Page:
Business leaders believe they have a compromise proposal for post-Brexit trade that would reduce barriers while allowing the UK to pursue free trade deals.
The plan – a partial customs union covering industrial goods and processed agricultural products – has been put together by the Institute of Directors, who argue it would help maintain the competitiveness in certain industries, while allowing the government to adopt an independent trade policy, including in areas such as tariffs on agricultural products like beef, oranges and sugar from developing nations.
The IoD argues that ministers should not be bound by existing precedents and must forge a bespoke deal with European counterparts. It recommends a trade framework using a customs union akin to Turkey's agreement with the EU.
"The UK could reasonably expect the same treatment, and is in fact in a stronger position, with many of those third countries already wanting to pursue deals with it after Brexit," the business group said.
A customs union covering all industrial goods and processed agricultural products would facilitate the flow of goods across UK-EU borders; remove the need for costly ‘rules of origin’; would not interfere with the pursuit of external free trade agreements; but would help shift existing EU trade agreements to the UK after transition.
It would also allow the UK to maintain full control over agricultural tariffs and allow the UK to maintain a broadly distinct trade remedies policy from the EU.
Stephen Martin, IoD director general, said: “As a fundamental principle of European Union membership, the UK’s decision to leave means that leaving the customs union is less a matter of choice but rather one of necessity.
“For the welfare of Britain’s businesses, prolonging its operational effects during the transitional period is no doubt crucial. In the long-term, the UK should consider remaining in a narrowed customs union to mitigate the disruptive effects for business and ensure manufacturing remains competitive and attractive for inward investment. In the interest of our members and the wider business community, while respecting the decision taken by the people in June 2016, we feel this is the best way forward.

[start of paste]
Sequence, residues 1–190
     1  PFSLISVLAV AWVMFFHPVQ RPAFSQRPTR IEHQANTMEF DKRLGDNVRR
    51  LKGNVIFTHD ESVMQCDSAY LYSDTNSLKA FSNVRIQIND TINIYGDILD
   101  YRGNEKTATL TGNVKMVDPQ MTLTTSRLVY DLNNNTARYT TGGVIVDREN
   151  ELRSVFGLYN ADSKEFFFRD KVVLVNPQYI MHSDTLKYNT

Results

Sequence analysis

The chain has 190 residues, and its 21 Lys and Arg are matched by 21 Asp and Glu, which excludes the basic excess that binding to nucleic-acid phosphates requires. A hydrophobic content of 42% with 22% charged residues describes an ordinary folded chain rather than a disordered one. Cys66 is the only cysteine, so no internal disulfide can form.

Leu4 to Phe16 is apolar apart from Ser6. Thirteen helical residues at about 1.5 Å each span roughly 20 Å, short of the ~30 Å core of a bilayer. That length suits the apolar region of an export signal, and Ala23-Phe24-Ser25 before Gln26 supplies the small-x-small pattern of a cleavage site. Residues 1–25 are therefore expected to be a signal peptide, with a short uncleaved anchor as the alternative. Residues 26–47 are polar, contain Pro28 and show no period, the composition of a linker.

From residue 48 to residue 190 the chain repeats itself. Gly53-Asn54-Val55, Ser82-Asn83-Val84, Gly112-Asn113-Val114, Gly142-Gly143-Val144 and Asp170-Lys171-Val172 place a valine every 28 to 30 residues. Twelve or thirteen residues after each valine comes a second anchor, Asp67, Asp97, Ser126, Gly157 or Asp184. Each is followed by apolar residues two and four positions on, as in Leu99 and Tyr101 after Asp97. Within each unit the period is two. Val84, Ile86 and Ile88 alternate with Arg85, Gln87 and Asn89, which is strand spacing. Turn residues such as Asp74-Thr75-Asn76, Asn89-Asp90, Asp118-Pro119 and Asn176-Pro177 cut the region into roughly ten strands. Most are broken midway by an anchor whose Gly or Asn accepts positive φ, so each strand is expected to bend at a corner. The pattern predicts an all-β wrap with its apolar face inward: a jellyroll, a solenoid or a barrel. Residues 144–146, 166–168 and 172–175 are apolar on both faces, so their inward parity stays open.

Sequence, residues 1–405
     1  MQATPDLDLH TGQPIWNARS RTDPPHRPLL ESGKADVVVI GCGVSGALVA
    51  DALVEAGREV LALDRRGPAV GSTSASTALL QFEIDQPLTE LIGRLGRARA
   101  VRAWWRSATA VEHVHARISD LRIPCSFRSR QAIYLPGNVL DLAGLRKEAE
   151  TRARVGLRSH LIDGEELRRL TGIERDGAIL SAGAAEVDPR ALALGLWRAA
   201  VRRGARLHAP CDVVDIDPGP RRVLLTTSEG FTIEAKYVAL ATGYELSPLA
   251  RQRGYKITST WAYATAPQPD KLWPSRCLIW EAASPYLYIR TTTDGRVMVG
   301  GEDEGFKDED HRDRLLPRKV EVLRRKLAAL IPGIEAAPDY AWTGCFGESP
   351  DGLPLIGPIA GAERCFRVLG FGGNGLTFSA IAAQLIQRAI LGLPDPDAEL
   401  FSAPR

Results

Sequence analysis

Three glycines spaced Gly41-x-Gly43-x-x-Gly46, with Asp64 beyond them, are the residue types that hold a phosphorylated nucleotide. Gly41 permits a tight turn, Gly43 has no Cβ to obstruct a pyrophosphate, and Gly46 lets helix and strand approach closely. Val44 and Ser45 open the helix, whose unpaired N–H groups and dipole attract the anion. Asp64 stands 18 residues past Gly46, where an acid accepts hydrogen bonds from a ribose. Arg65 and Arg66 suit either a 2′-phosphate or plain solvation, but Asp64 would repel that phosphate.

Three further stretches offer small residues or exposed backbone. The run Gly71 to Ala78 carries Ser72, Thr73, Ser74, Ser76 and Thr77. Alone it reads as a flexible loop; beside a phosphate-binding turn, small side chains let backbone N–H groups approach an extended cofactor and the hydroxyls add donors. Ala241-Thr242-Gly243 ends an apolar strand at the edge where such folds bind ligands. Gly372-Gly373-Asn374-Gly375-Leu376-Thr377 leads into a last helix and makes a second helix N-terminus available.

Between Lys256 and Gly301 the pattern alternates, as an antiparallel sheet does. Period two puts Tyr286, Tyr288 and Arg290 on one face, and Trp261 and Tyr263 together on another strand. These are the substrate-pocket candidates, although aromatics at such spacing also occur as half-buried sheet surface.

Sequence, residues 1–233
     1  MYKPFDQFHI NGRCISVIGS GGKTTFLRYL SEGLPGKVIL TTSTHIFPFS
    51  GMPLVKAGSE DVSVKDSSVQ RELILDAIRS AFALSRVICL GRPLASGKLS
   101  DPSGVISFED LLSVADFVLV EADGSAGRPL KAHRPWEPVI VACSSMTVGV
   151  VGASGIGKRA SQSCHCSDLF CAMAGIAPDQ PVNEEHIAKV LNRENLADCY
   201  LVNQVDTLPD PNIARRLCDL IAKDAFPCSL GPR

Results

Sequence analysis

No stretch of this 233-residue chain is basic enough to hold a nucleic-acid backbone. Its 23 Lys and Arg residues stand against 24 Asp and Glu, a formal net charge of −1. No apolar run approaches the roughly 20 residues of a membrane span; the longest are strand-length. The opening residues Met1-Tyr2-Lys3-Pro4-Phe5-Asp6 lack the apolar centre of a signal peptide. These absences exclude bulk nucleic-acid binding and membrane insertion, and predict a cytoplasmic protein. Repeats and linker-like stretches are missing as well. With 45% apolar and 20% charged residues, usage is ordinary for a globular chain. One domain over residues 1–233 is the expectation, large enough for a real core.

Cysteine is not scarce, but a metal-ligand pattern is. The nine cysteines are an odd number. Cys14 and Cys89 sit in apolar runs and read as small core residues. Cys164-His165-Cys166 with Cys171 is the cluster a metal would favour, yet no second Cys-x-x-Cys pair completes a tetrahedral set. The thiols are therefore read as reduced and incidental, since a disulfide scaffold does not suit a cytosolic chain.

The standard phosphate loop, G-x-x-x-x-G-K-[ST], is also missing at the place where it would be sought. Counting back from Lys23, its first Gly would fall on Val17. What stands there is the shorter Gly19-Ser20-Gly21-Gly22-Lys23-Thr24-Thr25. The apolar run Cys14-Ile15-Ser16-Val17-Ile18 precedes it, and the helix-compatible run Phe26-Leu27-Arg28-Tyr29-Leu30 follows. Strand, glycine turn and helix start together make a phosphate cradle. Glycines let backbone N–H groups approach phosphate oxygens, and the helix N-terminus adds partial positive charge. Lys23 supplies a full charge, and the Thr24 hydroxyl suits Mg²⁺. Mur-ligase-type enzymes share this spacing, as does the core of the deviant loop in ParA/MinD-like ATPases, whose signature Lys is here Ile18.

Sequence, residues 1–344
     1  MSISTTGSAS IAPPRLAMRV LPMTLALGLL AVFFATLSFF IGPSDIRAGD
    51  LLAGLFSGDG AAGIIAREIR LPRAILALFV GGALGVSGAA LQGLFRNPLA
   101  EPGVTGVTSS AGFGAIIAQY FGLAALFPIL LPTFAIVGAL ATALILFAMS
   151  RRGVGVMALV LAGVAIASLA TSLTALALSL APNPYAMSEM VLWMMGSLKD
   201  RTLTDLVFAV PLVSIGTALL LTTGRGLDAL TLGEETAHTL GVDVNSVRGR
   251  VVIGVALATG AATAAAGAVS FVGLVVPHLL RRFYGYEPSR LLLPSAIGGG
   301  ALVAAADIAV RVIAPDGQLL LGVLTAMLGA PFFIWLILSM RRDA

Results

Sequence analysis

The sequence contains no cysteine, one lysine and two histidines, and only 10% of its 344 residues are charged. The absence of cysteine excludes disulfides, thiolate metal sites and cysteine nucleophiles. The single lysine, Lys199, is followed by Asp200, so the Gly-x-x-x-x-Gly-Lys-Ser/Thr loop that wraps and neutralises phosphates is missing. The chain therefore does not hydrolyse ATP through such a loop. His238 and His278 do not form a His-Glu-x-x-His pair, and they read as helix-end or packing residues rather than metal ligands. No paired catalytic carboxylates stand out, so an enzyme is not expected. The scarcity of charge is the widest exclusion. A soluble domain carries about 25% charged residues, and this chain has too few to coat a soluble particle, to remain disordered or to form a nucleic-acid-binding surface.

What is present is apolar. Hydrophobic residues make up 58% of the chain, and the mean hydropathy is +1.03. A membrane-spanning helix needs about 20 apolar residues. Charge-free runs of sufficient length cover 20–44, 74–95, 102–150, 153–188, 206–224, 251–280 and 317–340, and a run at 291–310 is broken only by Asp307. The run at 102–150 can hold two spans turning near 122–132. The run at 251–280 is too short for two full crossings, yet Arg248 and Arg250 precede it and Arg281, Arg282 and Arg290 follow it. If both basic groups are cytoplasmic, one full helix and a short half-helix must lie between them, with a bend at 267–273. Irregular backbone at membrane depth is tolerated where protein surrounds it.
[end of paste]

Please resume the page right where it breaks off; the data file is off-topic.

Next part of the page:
“It’s as simple as this – there was no Canada deal before there was a Canada deal, and no Turkey deal before there was a Turkey deal. We must be ambitious in undertaking the most important negotiations this country has embarked on for decades and push for a bespoke solution.”
Allie Renison, author of the paper and the IoD's head of Europe and trade policy, added: "There are some important choices to be made about our future economic relationship with the EU, but sadly this debate has not fully come to fruition. Even now, 20 months on from the referendum, there is still much talk and much less action.
“It is crucial that this debate be focused on outcomes – something that both the government and the EU would do well to remember. Inevitably every negotiation rests on a series of compromises, and our proposal could provide the foundation for one that would minimise disruption while ensuring the UK’s ability to pursue new opportunities.”
However, the debate that has so far waged in Westminster suggests many pro-Leave figures would reject attempts to remain within a customs union of any kind.
One source has told City A.M. that such efforts on behalf of the government, through its Cross Border Trade Bill, were "an abuse of language".
MPs including Jacob Rees-Mogg and Bernard Jenkin lined up to attack chancellor Philip Hammond after he suggested "very modest" changes after Brexit, insisting the ability to do deals with other countries – and by extension leaving the Single Market and customs union – was the only way to carry out the referendum result.